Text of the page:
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Open AccessArticle

Mammographic Density and Screening Sensitivity, Breast Cancer Incidence and Associated Risk Factors in Danish Breast Cancer Screening

1
Nykøbing Falster Hospital, University of Copenhagen, Ejegodvej 63, DK-4800 Nykøbing Falster, Denmark
2
Radiology Clinic, Copenhagen University Hospital, Rigshospitalet, DK-2100 København Ø, Denmark
3
Department of Public Health, University of Copenhagen, DK-1014 København K, Denmark
*
Author to whom correspondence should be addressed.
J. Clin. Med. 2019, 8(11), 2021; https://doi.org/10.3390/jcm8112021
Received: 29 October 2019 / Revised: 11 November 2019 / Accepted: 14 November 2019 / Published: 19 November 2019
(This article belongs to the Special Issue Mammographic Density: Biology and Clinical Applications)
Background: Attention in the 2000s on the importance of mammographic density led us to study screening sensitivity, breast cancer incidence, and associations with risk factors by mammographic density in Danish breast cancer screening programs. Here, we summarise our approaches and findings. Methods: Dichotomized density codes: fatty, equal to BI-RADS density code 1 and part of 2, and other mixed/dense data from the 1990s—were available from two counties, and BI-RADS density codes from one region were available from 2012/13. Density data were linked with data on vital status, incident breast cancer, and potential risk factors. We calculated screening sensitivity by combining data on screen-detected and interval cancers. We used cohorts to study high density as a predictor of breast cancer risk; cross-sectional data to study the association between life style factors and density, adjusting for age and body mass index (BMI); and time trends to study the prevalence of high density across birth cohorts. Results: Sensitivity decreased with increasing density from 78% in women with BI-RADS 1 to 47% in those with BI-RADS 4. For women with mixed/dense compared with those with fatty breasts, the rate ratio of incident breast cancer was 2.45 (95% CI 2.14–2.81). The percentage of women with mixed/dense breasts decreased with age, but at a higher rate the later the women were born. Among users of postmenopausal hormone therapy, the percentage of women with mixed/dense breasts was higher than in non-users, but the patterns across birth cohorts were similar. The occurrence of mixed/dense breast at screening age decreased by a z-score unit of BMI at age 13—odds ratio (OR) 0.56 (95% CI 0.53–0.58)—and so did breast cancer risk and hazard ratio (HR) 0.92 (95% CI 0.84–1.00), but it changed to HR 1.01 (95% CI 0.93–1.11) when controlled for density. Age and BMI adjusted associations between life style factors and density were largely close to unity; physical activity OR 1.06 (95% CI 0.93–1.21); alcohol consumption OR 1.01 (95% CI 0.81–1.27); air pollution OR 0.96 (95% 0.93–1.01) per 20 μg/m3; and traffic noise OR 0.94 (95% CI 0.86–1.03) per 10 dB. Weak negative associations were seen for diabetes OR 0.61 (95% CI 0.40–0.92) and cigarette smoking OR 0.86 (95% CI 0.75–0.99), and a positive association was found with hormone therapy OR 1.24 (95% 1.14–1.35). Conclusion: Our data indicate that breast tissue in middle-aged women is highly dependent on childhood body constitution while adult life-style plays a modest role, underlying the need for a long-term perspective in primary prevention of breast cancer. View Full-Text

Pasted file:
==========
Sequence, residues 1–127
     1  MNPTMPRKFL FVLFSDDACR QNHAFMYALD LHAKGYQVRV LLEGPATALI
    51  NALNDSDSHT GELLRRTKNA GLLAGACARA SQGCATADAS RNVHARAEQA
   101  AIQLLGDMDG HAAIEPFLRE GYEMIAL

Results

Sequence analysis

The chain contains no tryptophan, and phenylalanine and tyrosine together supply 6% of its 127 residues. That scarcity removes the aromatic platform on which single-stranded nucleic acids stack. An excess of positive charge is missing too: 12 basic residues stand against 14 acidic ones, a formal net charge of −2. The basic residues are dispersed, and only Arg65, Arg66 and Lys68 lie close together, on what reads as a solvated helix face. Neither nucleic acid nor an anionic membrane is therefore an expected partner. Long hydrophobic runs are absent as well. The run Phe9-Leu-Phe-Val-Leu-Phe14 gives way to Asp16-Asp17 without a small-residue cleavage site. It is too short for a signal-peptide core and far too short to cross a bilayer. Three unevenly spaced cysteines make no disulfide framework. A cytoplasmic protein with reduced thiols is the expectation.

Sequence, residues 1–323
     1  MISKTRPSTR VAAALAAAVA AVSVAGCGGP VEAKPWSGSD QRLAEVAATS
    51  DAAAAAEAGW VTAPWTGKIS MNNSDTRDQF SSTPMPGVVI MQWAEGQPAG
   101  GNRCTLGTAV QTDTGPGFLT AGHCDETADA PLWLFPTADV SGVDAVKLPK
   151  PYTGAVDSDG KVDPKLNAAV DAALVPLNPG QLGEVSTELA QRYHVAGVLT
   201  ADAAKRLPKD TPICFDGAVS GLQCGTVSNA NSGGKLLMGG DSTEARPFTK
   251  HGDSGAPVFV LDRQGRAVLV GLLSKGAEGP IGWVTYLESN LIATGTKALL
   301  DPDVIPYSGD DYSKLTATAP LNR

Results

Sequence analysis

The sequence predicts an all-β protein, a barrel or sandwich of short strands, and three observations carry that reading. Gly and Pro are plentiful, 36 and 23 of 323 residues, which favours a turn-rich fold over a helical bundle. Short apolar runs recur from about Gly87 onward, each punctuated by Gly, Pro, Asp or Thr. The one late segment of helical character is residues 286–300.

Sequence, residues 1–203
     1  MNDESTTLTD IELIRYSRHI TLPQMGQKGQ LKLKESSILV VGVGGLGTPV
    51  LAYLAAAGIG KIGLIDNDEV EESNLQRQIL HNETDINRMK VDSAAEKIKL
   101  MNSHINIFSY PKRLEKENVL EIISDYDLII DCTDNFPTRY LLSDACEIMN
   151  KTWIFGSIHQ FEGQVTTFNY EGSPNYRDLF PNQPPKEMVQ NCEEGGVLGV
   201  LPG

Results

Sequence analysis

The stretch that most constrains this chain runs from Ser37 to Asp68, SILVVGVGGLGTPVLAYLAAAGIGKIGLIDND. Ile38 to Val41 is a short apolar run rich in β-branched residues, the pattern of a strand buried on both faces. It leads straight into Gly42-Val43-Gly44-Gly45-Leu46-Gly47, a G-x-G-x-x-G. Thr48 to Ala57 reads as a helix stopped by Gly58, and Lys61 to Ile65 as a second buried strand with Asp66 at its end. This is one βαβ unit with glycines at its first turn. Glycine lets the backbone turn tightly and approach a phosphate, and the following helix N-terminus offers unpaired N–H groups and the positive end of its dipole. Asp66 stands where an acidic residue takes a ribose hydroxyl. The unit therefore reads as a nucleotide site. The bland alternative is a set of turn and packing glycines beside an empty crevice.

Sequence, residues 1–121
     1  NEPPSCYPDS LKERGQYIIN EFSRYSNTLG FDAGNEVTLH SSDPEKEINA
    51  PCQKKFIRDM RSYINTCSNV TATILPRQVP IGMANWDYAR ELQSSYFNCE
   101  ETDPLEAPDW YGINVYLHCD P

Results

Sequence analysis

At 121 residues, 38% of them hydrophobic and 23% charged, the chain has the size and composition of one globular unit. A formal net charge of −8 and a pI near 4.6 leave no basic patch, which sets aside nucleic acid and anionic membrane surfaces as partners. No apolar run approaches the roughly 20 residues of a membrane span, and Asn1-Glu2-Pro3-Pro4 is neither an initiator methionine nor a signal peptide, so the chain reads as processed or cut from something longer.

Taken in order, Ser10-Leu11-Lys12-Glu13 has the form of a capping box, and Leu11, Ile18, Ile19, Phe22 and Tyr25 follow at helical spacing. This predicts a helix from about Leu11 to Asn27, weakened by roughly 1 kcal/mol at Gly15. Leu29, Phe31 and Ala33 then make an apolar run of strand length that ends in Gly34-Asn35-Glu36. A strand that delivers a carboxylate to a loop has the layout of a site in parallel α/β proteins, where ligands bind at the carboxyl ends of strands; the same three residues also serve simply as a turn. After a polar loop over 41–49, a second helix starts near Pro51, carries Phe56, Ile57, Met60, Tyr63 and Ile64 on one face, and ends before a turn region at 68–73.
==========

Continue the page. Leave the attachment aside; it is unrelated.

Keywords: mammographic density; sensitivity; breast cancer incidence; risk factor; body constitution mammographic density; sensitivity; breast cancer incidence; risk factor; body constitution
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MDPI and ACS Style

Lynge, E.; Vejborg, I.; Andersen, Z.; von Euler-Chelpin, M.; Napolitano, G. Mammographic Density and Screening Sensitivity, Breast Cancer Incidence and Associated Risk Factors in Danish Breast Cancer Screening. J. Clin. Med. 2019, 8, 2021.

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